Joseph Smith on Mormon Women and the Priesthood

LDS Women's Conferece
Image via Deseret News

The following comes from Fiona Given’s article posted to

In the recent conversations surrounding the ordination of women in the LDS church, it has been claimed by some that Joseph Smith envisioned assimilating women into the male priesthood. A close reading of the inaugural meeting of the Female Relief Society of Nauvoo, however, suggests that Mormon women were originally established in an organization that Joseph Smith envisioned as parallel to and collaborative with the male priesthood. In this Female Relief Society, influenced by the Masonic ideals of Truth, Friendship, and Relief, members were accorded autonomy to run their own organization with their own authority and privileges. (Don Bradley has illuminated these connections in “The Grand Fundamental Principles of Mormonism: Joseph Smith’s Unfinished Reformation,” Sunstone [April 2006]: 32-41.)

Joseph Smith’s grand project of forging a kingdom of priests as in Enoch’s day found its final and fullest expression in temple-building and temple ordinances. His soteriology involved a revisiting of the ancient concept of theosis, or divinization. In the temple, the rituals preparatory to becoming like God were performed; those priesthood ordinances are administered to men and women, and by both men and women. In fact, the Mormon definition of Deity itself, in reference to both the God Mormons worship and the theosis to which they aspire, entails the full co-participation of man and woman.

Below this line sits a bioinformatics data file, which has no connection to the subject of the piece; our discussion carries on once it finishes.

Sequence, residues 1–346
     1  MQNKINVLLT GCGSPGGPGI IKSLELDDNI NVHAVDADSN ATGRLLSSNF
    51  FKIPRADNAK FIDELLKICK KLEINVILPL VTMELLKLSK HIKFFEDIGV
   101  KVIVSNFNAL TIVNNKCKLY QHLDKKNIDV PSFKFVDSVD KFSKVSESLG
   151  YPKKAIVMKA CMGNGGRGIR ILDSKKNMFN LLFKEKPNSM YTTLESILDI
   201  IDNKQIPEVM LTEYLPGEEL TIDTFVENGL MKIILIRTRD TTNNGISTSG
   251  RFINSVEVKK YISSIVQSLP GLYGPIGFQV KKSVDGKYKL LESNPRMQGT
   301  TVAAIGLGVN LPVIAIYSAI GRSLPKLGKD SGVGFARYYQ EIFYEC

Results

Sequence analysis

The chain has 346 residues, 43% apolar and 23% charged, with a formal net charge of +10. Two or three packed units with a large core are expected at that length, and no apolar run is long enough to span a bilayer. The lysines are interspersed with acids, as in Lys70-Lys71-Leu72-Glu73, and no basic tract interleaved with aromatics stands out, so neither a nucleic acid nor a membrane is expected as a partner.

In this scheme, the LDS women’s organization as an effectual female priesthood in counterpart to the male priesthood, already established, was vital. “I have desired to organize the Sisters in the order of the Priesthood. I now have the key by which I can do it. The organization of the Church of Christ was never perfect until the women were organized,” declared Joseph. (See Sarah Kimball, “Relief Society Record, 1880-1892,” 29-30, Church History Library.)

Read Fiona Givens full article at

Kylie is a writer at and graduate of BYU with a degree in Broadcast Journalism. She grew up in a Chicago suburb where she gained a passion for the Chicago Cubs. She enjoys writing and live event video production.